- Solitude and silence at the beginning of his Ministry in the wilderness (Mark 1:12-13)
- Solitude and silence before choosing the 12 to be with Him (Luke 6:12)
- Solitude and silence upon the death of His cousin, John the Baptist (Matthew 14:13)
- Solitude and silence at the dawn of fame (Mark 1:36)
- Solitude and silence in the midst of his daily work (Luke 5:16)
- Solitude and silence during Transfiguration (Luke 9:28-29)
- Solitude and silence in the face of death at Gethsemane (Luke 22:41)
The disciples were so much drawn by the silence of Jesus and His prayer life, that they requested Him to teach them to pray (Luke 11:1). Jesus’ prayer or the “Our Father”, which Jesus taught His disciples, was not merely words for vocal or recital prayer but the basic principles to live by in the Kingdom of God. Hence these principles should be pondered upon and reflected in the silence of our heart. (Matthew 6:6). It is an invitation to be alone with “The Alone”, thereby contemplating on the values of the Kingdom of God, contemplating that prayer is life and Life is prayer. Jesus Himself invites us to contemplate him in the silence of our hearts (Mark 6:31)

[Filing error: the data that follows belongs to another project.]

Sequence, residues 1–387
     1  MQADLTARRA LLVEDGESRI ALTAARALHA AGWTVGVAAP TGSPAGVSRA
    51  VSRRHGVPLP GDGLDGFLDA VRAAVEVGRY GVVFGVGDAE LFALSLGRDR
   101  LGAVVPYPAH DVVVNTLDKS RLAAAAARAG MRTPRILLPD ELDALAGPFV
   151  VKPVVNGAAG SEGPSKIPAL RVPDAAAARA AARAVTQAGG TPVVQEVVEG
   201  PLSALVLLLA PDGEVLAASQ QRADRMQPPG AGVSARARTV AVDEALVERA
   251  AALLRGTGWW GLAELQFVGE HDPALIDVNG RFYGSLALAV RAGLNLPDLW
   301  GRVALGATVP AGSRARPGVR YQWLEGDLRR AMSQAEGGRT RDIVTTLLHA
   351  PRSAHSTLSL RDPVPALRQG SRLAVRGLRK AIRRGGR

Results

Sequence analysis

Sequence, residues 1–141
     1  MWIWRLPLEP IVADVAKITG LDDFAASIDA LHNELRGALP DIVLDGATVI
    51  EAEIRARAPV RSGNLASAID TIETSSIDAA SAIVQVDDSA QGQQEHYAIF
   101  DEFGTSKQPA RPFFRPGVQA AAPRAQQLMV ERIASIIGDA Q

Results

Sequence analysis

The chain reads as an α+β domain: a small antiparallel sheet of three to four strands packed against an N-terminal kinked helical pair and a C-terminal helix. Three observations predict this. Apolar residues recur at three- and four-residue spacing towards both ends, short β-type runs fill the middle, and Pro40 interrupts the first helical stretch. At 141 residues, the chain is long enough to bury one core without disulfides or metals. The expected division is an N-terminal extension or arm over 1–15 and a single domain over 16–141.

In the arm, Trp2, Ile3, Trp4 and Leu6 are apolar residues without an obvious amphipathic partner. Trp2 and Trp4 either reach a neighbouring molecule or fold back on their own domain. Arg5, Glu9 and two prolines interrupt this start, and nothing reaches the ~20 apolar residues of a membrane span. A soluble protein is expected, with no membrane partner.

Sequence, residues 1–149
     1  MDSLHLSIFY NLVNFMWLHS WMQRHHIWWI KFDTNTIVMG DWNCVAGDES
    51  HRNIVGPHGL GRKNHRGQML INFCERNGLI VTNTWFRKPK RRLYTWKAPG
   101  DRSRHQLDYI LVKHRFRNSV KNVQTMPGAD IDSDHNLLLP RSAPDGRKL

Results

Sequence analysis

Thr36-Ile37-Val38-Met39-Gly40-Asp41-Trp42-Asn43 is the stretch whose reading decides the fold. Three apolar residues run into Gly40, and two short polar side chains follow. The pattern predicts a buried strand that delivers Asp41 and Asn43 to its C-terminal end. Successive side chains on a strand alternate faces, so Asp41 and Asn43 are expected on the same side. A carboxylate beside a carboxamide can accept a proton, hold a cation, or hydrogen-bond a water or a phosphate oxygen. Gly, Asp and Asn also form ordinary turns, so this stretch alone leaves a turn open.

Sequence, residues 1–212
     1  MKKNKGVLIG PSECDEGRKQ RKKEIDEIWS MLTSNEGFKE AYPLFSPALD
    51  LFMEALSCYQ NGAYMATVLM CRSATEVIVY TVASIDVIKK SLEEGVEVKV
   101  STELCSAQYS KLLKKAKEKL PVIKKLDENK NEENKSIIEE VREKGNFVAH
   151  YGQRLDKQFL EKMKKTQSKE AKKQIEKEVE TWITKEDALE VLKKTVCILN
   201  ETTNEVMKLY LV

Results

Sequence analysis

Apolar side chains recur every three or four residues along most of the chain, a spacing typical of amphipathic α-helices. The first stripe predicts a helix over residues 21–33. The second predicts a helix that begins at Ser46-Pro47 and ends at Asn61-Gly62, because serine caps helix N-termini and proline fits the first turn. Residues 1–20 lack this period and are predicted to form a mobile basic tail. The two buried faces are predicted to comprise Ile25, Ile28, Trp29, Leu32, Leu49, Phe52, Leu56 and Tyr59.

What is silent contemplation?
Silence is the not the absence of sound but the absence of self. Contemplation means to gaze at the face of Jesus, look at Him and love Him as He loves you. Silent contemplation simply means to experience the presence of God in every present moment in the silence of your heart. As we live our days, so we craft our life. Contemplating on scriptures, spending time with Jesus, gazing at the face of Jesus allows some of His nature to rub off on us. The purpose of silent contemplation should be to acquire the virtue or love of God. Only then, can we make our life “His message”. We need to adopt this “Inside-out” approach. Inside-out means to start from self first, even more fundamentally to begin with the most inside part of self. The definition though simple is not simplistic. It calls us to discipline ourselves, to surrender ourselves, to empty ourselves.